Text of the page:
Switzerland's St Bernard rescue dogs, known for centuries for saving avalanche victims from snowy Alpine graves, are to be sold by their monk owners as helicopters and heat sensors take over their work.

At St. Bernard's hospice, cradle of the breed, Augustinian monks want to devote more time to needy people and less to the 18 dogs -- which will be sold only to new owners who promise to bring them back each year.

"They (the dogs) need a lot of time and energy. There are only four of us monks now," said Brother Frederic, perched on a rock with a St Bernard by his side.

"Maybe we need to spend more time with people who ask for it," he added.

At an altitude of 2,438 metres (8,000 ft), the home of the St Bernards is an Alpine pass on the route to Italy where the huge, shaggy dogs are said to have saved the lives of some 2,500 travellers over the past few centuries.

"Even if there was 2 or 3 metres of fresh snow, they were able to make a track in the snow so travellers could find their way, they could also find travellers lost in avalanches," Brother Frederic said.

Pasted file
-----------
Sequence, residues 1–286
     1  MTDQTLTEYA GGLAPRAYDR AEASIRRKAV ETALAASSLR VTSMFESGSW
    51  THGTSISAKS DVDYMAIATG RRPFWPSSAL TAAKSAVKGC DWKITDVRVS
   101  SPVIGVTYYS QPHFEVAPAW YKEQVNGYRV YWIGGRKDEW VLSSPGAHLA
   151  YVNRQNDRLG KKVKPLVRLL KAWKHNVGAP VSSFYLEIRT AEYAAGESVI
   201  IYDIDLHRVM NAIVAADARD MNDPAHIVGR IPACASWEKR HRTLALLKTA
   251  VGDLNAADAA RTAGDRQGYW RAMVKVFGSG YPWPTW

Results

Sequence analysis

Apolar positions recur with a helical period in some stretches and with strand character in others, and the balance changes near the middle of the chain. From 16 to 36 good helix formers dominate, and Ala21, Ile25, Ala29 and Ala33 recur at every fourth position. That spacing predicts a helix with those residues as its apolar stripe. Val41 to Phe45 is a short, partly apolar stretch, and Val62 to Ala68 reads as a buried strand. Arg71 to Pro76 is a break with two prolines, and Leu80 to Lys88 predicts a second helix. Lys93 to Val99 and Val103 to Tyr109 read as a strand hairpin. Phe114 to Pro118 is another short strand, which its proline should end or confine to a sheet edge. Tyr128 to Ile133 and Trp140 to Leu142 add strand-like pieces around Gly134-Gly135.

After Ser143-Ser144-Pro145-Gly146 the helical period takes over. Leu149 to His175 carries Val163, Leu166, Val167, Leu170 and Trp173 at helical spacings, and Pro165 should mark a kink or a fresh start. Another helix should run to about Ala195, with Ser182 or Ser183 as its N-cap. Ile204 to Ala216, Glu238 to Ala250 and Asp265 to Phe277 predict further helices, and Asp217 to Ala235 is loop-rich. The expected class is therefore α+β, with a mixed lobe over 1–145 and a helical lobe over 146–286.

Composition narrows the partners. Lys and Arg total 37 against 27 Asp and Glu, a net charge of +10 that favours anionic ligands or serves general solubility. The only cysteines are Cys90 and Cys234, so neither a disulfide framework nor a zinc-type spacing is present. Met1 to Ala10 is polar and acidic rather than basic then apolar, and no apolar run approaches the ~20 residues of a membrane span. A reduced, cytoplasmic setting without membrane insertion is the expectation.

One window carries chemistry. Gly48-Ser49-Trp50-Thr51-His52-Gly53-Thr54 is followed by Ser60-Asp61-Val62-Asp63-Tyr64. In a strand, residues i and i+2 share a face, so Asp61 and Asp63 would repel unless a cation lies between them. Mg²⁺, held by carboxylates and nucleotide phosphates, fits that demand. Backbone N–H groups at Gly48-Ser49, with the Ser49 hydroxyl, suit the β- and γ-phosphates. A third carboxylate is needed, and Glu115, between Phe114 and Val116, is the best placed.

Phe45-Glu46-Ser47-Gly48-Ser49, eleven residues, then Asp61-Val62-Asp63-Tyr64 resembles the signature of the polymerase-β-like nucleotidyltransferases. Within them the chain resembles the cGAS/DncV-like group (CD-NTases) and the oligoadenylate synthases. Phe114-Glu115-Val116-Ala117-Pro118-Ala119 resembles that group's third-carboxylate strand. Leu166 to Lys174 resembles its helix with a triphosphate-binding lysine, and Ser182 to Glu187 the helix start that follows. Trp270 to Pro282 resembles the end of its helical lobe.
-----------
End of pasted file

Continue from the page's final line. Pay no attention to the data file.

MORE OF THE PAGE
But the dogs, which eat up to 2 kg (4.5 lb) of meat a day and weigh as much as 64 kg, have not rescued anyone for 50 years.

They will be sold to new owners willing to bring their charges back to the hospice for the summer, when tourists are keen to see the living symbols of Switzerland, and ensure the breed is continued.

"They're not being sold to just anyone. All that is changing with the dogs is the ownership," said Pierre Troillet, president of the Swiss St Bernard Association, adding the dogs were no longer kept on the pass in winter in any case.

The dogs' history is entwined with that of the pass, where the Romans first built a temple to Jupiter as they marched north to conquer Europe, and where Charlemagne, Hannibal and Napoleon all left footprints in the snow.

St Bernard himself built a hospice on the spot in the 11th century, and a community of monks formed to aid travellers and rescue avalanche victims.

The monks say the first dogs were probably a gift from rich local families to their predecessors, who took advantage of their keen noses, strength, sure-footedness and thick coats by the early 18th century.

The dogs could pick out narrow and treacherous paths in blizzards that disorientated even the native monks.

But with the progress of modern mountain rescue technology, the dogs have been pushed out of their traditional role in the mountains of Switzerland.


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